Source : Cutting Through the Mountain – Interviews with South African Activists Edited by Immanuel Suttner (Viking-Penguin, England and USA 1997).
This book also appears to have been written for a Jewish readership. It is a thick expensively bound book of over 600 pages, financially supported by the Liberty Life Foundation created by the Jewish mega-capitalist Donald Gordon. Suttner says a disproportionate number of individual Jews played a part in transforming South Africa into a more just society. There are two streams : those who fought within the system as jurists, members of parliament, via the media, or in civil society, and those who entered illegal organizations which were socialist, communist or mass-based in character.(p.2) He says the book welcomes (these Jews) back not only as worthy South Africans, socialists, communists or liberals, but as worthy Jews(p.3). Some of the remarkable people(page vii) who are heroes of the book include :
Taffy Adler who was involved in the 1970s and ’80s in the ‘formation and consolidation of the black trade union movement’. His father was a Lithuanian Jew who emigrated to South Africa in 1926 and who ‘was tremendously loyal to Stalin and Russian communism’ right up to the fall of the Soviet Union in 1989. His uncle, Michael Harmel, became general secretary of the South African Communist Party.
Ray Alexander (Rachel Alexandrowich) arrived in South Africa from Latvia and joined the SA Communist Party five days later. She played a leading role in the organization of trade unions. She was married to Jack Simons, a ‘devoted communist’ and lecturer at the University of Cape Town.
Pauline Podbrey (Podbrez) born in Lithuania came to South Africa at the age of eleven. She joined the Communist Youth League, run by Max Joffe, and the related Labor League of Youth, run by Hilda Bernstein. Of the Communist Party she says ‘the majority of the members were Jewish looking back on it now, it seems as if everybody was Jewish.‘ (*p52). She married a prominent Indian trade unionist and Communist Party leader, resulting in her mother being ostracized by the South African Jewish community, although it has been and still is normal practice for this community to depict white non-Jews as despicable prejudiced racists.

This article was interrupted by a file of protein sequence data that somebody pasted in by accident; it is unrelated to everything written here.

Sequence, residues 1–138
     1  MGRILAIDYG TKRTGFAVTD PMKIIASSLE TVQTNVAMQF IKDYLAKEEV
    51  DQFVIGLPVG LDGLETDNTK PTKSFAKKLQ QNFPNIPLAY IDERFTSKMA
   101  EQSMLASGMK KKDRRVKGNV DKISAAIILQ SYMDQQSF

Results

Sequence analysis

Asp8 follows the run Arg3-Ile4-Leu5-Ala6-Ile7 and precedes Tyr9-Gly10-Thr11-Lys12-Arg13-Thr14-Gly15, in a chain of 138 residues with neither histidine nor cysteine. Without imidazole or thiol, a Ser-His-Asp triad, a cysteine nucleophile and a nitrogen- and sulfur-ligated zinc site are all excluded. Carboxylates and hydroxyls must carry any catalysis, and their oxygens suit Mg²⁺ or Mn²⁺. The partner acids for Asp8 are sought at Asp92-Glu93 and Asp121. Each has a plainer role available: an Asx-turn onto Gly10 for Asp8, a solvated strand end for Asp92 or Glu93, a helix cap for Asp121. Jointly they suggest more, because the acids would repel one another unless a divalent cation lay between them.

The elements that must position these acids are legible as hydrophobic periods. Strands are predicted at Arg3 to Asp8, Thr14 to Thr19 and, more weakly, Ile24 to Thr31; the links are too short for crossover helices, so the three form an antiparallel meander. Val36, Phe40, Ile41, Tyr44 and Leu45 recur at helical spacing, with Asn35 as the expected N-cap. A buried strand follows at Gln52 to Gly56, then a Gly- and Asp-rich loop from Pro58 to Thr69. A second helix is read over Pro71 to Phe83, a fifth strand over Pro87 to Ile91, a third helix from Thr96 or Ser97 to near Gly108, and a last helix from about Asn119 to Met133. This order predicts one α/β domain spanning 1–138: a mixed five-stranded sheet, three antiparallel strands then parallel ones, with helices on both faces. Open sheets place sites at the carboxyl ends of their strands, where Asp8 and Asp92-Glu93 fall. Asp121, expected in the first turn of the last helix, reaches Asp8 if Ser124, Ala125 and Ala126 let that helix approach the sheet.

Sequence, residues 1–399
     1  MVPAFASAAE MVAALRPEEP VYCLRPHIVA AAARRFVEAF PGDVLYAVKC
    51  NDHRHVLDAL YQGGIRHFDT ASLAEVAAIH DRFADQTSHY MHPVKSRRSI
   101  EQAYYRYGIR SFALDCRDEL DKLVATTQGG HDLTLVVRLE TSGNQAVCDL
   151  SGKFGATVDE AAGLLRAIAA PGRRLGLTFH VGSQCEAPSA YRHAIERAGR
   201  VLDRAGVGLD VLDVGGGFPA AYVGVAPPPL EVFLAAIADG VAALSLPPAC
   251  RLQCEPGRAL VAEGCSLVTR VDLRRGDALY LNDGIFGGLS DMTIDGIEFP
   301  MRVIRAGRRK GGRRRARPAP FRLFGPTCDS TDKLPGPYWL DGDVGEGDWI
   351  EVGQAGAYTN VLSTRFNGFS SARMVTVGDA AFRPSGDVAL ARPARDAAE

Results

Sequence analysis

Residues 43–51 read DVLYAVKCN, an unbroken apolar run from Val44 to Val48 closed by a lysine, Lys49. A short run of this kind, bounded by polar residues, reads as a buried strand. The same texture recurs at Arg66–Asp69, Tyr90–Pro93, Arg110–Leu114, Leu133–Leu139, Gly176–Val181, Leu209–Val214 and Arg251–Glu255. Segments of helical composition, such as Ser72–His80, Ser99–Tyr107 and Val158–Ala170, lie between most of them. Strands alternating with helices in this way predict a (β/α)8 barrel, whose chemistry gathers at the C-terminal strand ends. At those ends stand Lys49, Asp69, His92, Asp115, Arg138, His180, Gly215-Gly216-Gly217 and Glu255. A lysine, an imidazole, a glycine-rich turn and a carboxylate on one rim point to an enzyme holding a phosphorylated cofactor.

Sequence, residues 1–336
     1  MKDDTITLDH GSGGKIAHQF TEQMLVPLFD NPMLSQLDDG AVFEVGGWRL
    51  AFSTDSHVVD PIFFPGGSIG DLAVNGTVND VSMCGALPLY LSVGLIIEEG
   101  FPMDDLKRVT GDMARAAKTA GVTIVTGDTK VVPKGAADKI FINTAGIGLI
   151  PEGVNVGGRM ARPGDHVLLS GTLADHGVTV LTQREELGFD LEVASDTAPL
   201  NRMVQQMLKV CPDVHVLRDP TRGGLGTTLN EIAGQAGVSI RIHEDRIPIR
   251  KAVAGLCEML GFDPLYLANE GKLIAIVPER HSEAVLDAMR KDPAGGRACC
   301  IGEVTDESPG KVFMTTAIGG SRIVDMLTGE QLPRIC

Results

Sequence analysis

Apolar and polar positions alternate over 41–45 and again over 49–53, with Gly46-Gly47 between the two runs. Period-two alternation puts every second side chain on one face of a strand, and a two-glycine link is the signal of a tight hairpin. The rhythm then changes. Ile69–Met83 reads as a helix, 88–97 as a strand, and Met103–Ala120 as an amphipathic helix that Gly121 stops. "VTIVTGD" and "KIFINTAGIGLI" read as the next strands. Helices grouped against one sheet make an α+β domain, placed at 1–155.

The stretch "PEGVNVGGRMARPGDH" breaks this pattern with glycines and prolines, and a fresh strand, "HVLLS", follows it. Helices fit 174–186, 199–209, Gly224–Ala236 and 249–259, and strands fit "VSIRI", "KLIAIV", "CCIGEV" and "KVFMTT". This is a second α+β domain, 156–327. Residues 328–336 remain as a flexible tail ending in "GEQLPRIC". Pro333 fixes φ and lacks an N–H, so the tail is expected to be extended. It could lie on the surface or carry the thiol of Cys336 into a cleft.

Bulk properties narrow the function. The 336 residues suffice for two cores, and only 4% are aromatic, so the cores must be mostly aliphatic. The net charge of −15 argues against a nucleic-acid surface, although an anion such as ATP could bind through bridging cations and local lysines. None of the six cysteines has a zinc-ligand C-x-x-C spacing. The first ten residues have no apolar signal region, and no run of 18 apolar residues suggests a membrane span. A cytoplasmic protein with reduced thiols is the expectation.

Joe Slovo born in Lithuania, came to South Africa where he joined the Young Communist League at the age of sixteen. He became a central member of the Communist Party of South Africa and a ‘hard-line Stalinist’, becoming general secretary in 1986. He concentrated on building up Umkhonto we Sizwe, the armed wing of the ANC (African National Congress), becoming its chief of staff and head strategist in the campaign of bombings directed at civilian targets and other acts of terror. He only abandoned his commitment to Stalinism and Soviet-style communism when the Soviet bloc started falling apart in the late 1980s and it became necessary to do so. A key strategist representing the ANC in the negotiations with De Klerk`s government in the hand over of power, he became a minister in Mandela’s Cabinet when the ANC came to power in 1994. He died of cancer a few years later. His daughter published an autobiographical book describing her father`s affair with a Jewish Communist friend`s wife and his utter refusal to acknowledge the son born of this relationship.
Gill Marcus, the daughter of parents involved with the Communist Party, a long-time member of the Party and of the ANC, is now Governor of the South African Reserve Bank after being a member of the first Mandela Cabinet.
Ronnie Kasrils became a central figure in the South African Communist Party and head of military intelligence of the ANC’s military wing. After the first fully democratic elections in South Africa in 1994, Kasrils became a member of the Transitional Executive Council’s (TEC) Sub-Council on Defence. He was appointed as Deputy Minister of Defence on 24 June 1994, a post which he held until 16 June 1999. He was also the Minister of Water Affairs and Forestry from 1999 to 2004 and was appointed as Minister of Intelligence Services in 2004. Following the resignation of President Thabo Mbeki in September 2008, Kasrils was among those members of the Cabinet who submitted their resignations on September 23